...It was Alan who sold ABC to Jim Lee. ABC could have been Alan's Sin City but not after he sold it to somebody. As soon as you sell it somebody it's behind bars and all you can do is go and visit it wherever it's imprisoned and work on it with your hands thrust through the bars or leave it to someone else to do so. But, I think I'm safe in saying that that is a leading cause of waking up at four in the morning in a boiling rage. Presumably Frank Miller has those sorts of experiences with Dark Knight Returns and DK2 and presumably he doesn’t with Sin City and 300 and the other things he owns. If you have to go ballistic over my saying that, at least please take it with you when you run for the metaphorical hills and think about it!...

4 comments:

hb said...

I don't think Alan Moore felt like he was missing fingers, I just think he meant it would be better w/o the DC logo, like the GD's LP would be "better" if JG had an his amputated finger intact to play even better guitar.

Lee Bentley said...

I think it must be true that only a subset of the population can successfully and happily run their own business; say, 20%. And the ratio for creative artists is probably lower, based only on my own experiences. I don't know enough about ABC to know why A. Moore sold it, but I can only guess that he found the work of running a publishing company oppressive...awful work, especially, if you don't *have* to do it, or aren't driven to do so. The temptation to just find an employer and avoid all the extra hassle must be tremendous.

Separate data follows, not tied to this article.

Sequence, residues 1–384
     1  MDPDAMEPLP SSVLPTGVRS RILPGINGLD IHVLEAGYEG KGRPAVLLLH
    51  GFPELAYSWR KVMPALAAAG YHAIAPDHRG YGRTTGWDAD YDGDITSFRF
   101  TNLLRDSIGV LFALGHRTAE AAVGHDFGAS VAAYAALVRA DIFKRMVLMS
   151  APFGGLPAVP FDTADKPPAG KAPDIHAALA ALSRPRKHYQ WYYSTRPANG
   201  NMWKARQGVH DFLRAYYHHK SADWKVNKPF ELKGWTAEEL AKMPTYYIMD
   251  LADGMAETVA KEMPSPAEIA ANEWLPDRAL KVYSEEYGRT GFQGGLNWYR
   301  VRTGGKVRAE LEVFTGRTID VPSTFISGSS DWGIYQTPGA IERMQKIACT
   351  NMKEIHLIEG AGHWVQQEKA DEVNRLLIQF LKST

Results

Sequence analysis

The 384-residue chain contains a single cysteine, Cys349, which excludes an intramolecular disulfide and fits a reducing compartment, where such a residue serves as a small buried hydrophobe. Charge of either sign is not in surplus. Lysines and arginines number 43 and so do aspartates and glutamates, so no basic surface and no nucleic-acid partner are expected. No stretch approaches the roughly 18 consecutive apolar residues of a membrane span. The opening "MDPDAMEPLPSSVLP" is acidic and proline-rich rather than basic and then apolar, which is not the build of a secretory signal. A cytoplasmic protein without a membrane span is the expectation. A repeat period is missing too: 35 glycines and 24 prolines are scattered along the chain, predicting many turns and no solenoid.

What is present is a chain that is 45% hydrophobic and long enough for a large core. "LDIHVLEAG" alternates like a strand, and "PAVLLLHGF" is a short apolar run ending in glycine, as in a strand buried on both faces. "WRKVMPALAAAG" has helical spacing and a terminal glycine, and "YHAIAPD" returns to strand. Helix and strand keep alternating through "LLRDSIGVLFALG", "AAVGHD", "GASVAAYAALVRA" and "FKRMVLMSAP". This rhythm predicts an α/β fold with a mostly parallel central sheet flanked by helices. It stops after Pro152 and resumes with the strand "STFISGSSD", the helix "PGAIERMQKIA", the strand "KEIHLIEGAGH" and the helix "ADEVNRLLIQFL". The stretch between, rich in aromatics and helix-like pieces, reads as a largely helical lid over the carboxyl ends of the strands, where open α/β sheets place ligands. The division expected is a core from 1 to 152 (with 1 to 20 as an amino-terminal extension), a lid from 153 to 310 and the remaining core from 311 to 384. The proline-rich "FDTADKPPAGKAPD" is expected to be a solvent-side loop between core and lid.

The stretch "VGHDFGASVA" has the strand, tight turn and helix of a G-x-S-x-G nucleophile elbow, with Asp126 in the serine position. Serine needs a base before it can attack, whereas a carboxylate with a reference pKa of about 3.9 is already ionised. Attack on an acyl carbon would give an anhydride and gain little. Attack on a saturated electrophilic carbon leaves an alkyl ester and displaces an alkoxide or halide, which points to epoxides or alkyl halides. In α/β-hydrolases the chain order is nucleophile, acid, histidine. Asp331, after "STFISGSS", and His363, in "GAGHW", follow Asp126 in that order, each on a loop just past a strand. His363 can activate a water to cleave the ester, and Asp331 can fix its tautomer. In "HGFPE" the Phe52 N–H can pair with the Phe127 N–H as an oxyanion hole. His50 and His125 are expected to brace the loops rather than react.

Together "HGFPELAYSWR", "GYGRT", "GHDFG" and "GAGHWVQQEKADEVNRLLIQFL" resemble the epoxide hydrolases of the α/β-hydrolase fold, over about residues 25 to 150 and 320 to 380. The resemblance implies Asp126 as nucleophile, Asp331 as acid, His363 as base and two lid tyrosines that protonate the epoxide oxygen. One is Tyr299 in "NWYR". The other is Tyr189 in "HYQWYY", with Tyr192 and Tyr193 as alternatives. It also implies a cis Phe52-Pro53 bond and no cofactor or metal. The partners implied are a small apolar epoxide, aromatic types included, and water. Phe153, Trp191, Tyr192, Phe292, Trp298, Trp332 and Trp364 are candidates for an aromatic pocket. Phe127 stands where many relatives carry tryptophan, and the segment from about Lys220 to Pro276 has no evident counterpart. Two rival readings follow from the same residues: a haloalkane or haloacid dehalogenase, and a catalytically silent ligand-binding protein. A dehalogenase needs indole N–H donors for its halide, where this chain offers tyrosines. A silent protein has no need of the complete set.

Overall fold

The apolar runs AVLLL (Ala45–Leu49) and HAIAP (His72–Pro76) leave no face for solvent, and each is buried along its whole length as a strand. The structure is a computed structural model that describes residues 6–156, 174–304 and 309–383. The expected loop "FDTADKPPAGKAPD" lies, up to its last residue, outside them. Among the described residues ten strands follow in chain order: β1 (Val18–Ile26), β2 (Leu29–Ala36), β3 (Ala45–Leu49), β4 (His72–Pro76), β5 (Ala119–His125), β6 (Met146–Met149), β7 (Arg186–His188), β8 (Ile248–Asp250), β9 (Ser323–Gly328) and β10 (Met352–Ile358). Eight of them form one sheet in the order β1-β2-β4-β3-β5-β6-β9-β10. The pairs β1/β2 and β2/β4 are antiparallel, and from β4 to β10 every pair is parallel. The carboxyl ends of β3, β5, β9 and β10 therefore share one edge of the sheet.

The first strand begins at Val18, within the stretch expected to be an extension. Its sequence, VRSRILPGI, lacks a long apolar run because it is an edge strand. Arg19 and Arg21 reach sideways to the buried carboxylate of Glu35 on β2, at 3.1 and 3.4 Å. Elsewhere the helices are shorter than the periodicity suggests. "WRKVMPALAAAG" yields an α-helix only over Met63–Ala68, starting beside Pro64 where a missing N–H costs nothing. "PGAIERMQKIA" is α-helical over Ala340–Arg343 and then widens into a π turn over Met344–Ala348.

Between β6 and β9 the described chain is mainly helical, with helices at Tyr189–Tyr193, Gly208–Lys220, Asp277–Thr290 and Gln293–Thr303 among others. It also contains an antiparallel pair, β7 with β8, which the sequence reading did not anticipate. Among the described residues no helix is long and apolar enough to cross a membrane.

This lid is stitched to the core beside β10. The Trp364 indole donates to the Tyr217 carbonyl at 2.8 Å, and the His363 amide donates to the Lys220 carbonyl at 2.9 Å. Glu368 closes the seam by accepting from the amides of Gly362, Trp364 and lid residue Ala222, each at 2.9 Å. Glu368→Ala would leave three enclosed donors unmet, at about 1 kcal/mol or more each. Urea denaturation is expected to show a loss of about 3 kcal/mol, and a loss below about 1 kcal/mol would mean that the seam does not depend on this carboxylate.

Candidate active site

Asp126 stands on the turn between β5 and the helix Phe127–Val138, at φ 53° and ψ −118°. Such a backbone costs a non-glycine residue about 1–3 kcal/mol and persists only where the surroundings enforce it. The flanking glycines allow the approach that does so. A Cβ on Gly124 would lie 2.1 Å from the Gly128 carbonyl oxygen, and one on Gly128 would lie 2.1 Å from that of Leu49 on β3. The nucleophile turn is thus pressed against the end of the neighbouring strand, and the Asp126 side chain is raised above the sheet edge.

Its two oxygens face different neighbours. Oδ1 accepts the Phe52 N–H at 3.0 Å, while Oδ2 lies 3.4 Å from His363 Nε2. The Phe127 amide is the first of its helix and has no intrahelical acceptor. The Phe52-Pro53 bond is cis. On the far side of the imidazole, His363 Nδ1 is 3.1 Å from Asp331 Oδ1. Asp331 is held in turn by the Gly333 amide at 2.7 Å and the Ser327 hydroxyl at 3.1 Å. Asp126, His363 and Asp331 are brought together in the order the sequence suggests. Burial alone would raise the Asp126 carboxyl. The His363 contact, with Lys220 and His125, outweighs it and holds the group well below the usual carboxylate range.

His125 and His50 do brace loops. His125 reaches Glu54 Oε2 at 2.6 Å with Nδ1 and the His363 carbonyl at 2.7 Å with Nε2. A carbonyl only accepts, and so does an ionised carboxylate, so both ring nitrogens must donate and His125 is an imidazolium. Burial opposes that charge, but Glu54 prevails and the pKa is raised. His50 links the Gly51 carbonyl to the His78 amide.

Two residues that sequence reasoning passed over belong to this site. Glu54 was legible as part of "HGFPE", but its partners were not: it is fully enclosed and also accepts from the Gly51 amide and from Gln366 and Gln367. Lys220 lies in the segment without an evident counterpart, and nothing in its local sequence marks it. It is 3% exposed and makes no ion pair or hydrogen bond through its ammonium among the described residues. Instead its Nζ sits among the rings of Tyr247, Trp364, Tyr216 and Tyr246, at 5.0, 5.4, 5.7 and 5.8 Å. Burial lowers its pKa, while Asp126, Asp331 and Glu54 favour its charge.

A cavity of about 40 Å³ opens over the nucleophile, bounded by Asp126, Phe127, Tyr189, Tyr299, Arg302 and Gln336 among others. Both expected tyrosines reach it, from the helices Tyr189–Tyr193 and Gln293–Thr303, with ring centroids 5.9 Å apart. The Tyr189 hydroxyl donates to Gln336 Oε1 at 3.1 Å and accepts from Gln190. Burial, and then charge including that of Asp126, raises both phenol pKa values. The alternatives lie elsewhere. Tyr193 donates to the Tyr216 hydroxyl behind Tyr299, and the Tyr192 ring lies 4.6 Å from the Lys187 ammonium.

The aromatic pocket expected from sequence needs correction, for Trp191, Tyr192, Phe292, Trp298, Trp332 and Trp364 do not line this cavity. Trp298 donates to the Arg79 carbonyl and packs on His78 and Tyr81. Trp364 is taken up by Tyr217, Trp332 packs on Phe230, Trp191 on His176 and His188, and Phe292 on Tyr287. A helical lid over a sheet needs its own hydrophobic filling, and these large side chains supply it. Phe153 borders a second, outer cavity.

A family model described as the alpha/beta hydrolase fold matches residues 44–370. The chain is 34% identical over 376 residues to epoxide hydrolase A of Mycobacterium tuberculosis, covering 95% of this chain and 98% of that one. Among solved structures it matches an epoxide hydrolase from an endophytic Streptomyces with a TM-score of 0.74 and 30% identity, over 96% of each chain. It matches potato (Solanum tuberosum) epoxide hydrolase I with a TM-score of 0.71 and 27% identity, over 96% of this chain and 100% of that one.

Now imagine you're employed to edit Alan Moore stories. One might think you'd just check to make sure the pages are all there, legible and in the right order, turn the f***ers in and enjoy some great comics...but editors have authorities to answer to. The temptation to justify meddling in the creative process at the behest of your superiors - as opposed to a genuine contribution, if such a thing is even possible - must also be tremendous. We'd all like to think - I certainly would - that we would be reasonably deferential to Mr. Moore and approach his words with the greatest of respect and regard, but what if he regards our input with outrage and contempt - and, further, that his outrage and contempt were inspired more by his knowledge of his relative helplessness in a work-made-for-hire situation than any specific thing we'd said or done? What a terrible position to be in! What a skill set would be required to manage relations with Mr. Moore so as to avoid his feeling akin to Mr. Garcia and his missing fingers.